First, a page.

Encrypted messaging poses a danger, warns children’s commissioner
The children’s commissioner for England has warned that end-to-end encryption poses “significant risks” to young people on the back of a new report showing that most eight year olds use messaging apps supposedly restricted to those aged 13 and older.
In the report, Anne Longfield called on tech giants including Facebook and Snap to shelve plans to introduce end-to-end encryption due to fears that it will prevent law enforcement investigating and prosecuting online child sexual abuse and other crimes.
“Given these real risks to children, we would expect that tech firms would be planning to do more, not less, to aggressively root out and prevent the proliferation of child abuse on their platforms,” Longfield writes. “However, the trend towards greater use of end-to-end encryption is just the latest sign that it is not enough for us to rely on technology companies to regulate themselves.”
The report, Access Denied: How end-to-end encryption threatens children’s safety online, surveyed 2,003 children aged 8-17 on their use of messaging platforms. It found:
- Nine out of ten children aged between 8-17 are using messenger services.
- 60% of 8-year-olds and 90% of 12-year-olds reported using a messaging app with an age restriction of 13 or older.
- Almost one in ten children report using a messaging service to talk to people they don’t already know.
- One in six girls aged 14-17 reported having received something distressing from a stranger via a private message.
- 1 in 20 children say they have shared videos or photos of themselves with strangers.
- Over a third of 8-10-year-olds and over half of 11-13-year olds admit that they have said they were older than they were in order to sign up to an online messaging service.
Among the recommendations in the report are that tech firms should have to meet four tests before rolling out any new design feature.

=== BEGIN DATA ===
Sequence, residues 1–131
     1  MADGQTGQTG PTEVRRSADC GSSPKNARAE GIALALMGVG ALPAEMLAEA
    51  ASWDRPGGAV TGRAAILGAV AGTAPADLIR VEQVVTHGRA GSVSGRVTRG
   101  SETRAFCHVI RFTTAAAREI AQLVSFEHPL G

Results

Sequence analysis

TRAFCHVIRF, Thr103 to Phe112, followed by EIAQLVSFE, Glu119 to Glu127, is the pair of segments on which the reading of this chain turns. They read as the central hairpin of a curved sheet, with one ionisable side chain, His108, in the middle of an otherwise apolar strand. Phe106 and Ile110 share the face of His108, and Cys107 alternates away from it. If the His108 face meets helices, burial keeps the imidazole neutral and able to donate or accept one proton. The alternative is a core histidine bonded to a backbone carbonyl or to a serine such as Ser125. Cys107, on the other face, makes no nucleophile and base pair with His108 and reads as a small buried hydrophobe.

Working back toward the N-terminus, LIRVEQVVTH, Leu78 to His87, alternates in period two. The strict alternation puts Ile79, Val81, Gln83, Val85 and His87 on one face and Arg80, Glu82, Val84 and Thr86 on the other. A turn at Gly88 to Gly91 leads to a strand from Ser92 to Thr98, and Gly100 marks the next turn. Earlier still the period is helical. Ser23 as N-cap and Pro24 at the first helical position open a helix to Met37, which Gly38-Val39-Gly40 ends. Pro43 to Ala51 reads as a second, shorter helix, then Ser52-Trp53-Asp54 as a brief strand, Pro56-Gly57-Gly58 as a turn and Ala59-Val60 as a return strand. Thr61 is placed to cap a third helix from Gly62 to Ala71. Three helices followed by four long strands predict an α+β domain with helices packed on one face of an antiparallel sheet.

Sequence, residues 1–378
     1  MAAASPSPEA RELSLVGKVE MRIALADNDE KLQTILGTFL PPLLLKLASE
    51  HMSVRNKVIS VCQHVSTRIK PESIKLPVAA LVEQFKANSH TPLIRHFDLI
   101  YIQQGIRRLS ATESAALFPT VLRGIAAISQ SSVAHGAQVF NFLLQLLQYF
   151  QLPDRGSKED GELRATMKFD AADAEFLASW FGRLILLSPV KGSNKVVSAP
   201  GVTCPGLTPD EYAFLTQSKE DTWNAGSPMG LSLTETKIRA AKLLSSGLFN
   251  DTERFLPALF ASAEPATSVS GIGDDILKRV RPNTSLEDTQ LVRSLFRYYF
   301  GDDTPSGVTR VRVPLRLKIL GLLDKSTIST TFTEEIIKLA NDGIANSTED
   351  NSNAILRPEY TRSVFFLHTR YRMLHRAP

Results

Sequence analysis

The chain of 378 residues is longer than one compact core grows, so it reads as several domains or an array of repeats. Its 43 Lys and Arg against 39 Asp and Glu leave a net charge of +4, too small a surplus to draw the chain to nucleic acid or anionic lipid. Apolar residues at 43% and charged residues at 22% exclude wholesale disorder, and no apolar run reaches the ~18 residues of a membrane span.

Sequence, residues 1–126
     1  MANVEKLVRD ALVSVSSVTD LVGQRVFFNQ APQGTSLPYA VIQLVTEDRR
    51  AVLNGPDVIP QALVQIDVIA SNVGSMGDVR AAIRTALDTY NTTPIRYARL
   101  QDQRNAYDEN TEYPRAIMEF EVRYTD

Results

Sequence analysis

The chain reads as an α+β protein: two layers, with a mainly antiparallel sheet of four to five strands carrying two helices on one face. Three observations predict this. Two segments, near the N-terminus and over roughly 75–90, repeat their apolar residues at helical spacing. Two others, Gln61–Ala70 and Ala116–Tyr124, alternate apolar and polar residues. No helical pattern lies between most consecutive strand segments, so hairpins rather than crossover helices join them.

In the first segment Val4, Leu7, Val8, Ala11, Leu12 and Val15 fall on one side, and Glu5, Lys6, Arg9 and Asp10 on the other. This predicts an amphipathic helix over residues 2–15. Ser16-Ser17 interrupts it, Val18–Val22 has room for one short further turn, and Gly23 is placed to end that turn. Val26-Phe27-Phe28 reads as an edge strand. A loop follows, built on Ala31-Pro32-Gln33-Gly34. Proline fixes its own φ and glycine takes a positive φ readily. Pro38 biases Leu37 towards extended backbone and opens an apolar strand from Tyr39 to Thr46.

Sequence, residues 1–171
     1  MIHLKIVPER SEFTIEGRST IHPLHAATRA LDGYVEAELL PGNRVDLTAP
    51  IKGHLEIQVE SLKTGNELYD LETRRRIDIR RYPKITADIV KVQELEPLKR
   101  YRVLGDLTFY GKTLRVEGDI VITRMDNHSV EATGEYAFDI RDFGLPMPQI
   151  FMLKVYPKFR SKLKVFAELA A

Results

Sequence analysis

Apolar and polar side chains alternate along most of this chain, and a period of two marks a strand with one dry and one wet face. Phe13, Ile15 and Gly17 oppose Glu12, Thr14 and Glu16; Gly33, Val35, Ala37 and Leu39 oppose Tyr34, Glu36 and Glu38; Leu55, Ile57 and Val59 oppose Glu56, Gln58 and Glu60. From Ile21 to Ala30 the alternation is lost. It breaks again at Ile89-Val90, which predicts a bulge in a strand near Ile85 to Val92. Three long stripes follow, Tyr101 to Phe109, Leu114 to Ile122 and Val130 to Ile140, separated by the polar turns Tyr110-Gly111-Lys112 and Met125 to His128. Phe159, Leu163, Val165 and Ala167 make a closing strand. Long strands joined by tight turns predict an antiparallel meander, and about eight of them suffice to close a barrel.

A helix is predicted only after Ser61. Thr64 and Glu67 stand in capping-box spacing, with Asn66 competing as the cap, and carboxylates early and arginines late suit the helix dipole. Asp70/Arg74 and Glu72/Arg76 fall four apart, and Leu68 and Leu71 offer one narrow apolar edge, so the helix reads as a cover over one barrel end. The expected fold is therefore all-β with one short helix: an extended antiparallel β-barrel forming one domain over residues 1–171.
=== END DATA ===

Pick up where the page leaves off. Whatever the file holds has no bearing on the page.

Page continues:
- Don’t apply end to end encryption to children’s accounts unless they are afforded the same level of protection as before.
- Demonstrate how the platform will ensure child safety by design.
- Have mechanisms in place to proactively monitor for child sexual exploitation.
- Retain the ability to scan for child sexual abuse material.
Longfield also called on the government to introduce legislation around its long-delayed Online Harms White Paper.
“The onus is now on Government to follow through on its promise to make the UK ‘the safest place in the world to be online’,” she said. “18 months have now passed since the Online Harms White Paper was published and yet no legislation has been laid before Parliament and threats to children keep on growing.
“Now is a historic moment to reinforce our safety net for children online in order to ensure that all children are properly protected, now and for years to come.”
Last month, the Home Secretary Priti Patel joined leaders from the United States, Australia, New Zealand, Canada, India and Japan in publishing an international statement calling for changes to tech firm policy regarding the encryption of content on their services.
Parent Zone backs these calls for greater consideration into the use of end-to-end encryption – especially given the impact it will have on children.
Parent Zone founder and CEO Vicki Shotbolt said, “The debate about end to end encryption is a complex one.
“People value their privacy and we know that it can be vital for security. However, we need to see technology firms use their considerable skills to innovate to make sure that it doesn’t pose an increased risk to children.
“We also need to ensure that the European Electronic Communications Code doesn’t result in tools used to scan for Child Sexual Abuse material becoming illegal, as is currently the case.”